Today’s device must be rugged enough to work around the clock, regardless of the user, the environment or extreme treatment. With businesses and organizations requiring absolute, real-time visibility to information from the field, true information mobility is jeopardized by any computer downtime. The devices ability to endure the rough and tumble environment should be of principal concern.

Companies find outsourcing can backfire as quality, customer service suffer

November 19, 2010

Here is an informative article on trends in outsourcing from the Milwaukee Journal. Companies find outsourcing can backfire as quality, customer service suffer – JSOnline

Save $700 to $1000 per employee per year with barcode technology

April 14, 2009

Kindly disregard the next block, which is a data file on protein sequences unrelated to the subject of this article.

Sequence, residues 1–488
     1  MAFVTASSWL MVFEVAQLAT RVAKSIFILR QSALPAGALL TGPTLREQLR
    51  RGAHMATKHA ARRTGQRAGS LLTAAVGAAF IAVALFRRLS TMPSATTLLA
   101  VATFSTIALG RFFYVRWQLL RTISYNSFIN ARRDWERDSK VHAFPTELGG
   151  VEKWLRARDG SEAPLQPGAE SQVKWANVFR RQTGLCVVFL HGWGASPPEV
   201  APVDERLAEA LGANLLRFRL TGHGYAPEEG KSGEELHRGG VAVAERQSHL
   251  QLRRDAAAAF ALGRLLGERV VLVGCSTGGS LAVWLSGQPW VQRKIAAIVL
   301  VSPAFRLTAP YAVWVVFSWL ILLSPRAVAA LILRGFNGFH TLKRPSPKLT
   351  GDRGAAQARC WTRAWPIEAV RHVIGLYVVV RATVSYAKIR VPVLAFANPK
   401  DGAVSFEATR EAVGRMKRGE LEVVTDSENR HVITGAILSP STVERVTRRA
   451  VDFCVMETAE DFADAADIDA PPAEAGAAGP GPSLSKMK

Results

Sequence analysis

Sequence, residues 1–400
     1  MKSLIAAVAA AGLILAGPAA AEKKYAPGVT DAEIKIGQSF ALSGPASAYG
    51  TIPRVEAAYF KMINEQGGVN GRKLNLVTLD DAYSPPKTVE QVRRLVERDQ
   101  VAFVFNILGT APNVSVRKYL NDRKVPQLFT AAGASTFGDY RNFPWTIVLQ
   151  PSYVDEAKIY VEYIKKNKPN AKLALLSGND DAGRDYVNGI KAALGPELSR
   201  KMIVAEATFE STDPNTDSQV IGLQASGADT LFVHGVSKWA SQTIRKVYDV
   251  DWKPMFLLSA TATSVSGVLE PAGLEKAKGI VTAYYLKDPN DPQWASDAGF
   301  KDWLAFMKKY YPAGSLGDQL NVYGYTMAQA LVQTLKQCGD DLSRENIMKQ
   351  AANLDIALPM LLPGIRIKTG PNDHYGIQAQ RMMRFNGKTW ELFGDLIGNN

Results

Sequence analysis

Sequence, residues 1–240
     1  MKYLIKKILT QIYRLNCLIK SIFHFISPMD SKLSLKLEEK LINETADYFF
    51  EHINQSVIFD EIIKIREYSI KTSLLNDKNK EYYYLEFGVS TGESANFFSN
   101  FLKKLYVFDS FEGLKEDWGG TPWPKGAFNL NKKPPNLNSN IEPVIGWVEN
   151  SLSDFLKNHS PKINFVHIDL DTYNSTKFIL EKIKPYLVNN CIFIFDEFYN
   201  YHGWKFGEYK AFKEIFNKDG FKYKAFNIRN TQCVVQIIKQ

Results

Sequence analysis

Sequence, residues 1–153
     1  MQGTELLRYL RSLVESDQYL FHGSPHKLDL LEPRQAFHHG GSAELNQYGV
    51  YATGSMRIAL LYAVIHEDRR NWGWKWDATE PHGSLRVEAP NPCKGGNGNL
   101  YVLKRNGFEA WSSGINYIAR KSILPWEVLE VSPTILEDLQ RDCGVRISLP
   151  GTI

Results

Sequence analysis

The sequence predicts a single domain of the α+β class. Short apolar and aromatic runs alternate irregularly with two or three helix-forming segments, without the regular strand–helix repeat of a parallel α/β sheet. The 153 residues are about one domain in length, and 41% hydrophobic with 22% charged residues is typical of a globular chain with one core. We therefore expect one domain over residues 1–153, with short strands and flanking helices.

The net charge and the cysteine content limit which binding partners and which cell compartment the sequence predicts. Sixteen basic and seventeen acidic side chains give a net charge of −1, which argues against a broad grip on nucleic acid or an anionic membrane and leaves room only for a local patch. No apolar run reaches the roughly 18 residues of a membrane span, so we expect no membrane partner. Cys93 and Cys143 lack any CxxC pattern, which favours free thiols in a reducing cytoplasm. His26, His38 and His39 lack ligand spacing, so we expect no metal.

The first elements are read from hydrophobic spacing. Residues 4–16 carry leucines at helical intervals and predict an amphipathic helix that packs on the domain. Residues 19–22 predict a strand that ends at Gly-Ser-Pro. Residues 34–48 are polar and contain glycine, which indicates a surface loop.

Save $700 to $1000 per employee per year with barcode technology According to government data, the average warehouse in America is just over 17,000 square feet. A warehouse of that size would conservatively employ between 50 and 80 workers. For warehouses that rely on manual inventory methods, however, that may mean a yearly productivity loss worth between $42,500 and $68,000 per year. Barcode technology can help eradicate this loss. The use of barcode technology can be traced back to the 1960s when early implementations were used to identify railway cars. Only 10 years later, common UPC barcodes made their commercial debut on grocery shelves. Barcoding offers optical, machine-readable representations of data, and is ideal for any business in need of accurately tracking merchandise. Depending on specific barcode types, or symbologies, data encoded in barcodes range from only numbers, to numbers and letters, to pictures, files, and other binary data. (We’ll blog more on barcoding symbologies soon.) When scanned, this combination of numbers, letters, and other data identifies the specific object and helps a company keep an accurate record of inventory sold and maintained. The bottom line is that barcoding reduces human error and offers drastically increased productivity from manual methods. Even if an employee spends only 10 minutes a day searching for and gathering misplaced items, he or she loses the equivalent of one full work week—or between $700 to $1,000 per year. For as little as $0.005 each, barcodes are an affordable investment in your warehouse’s productivity.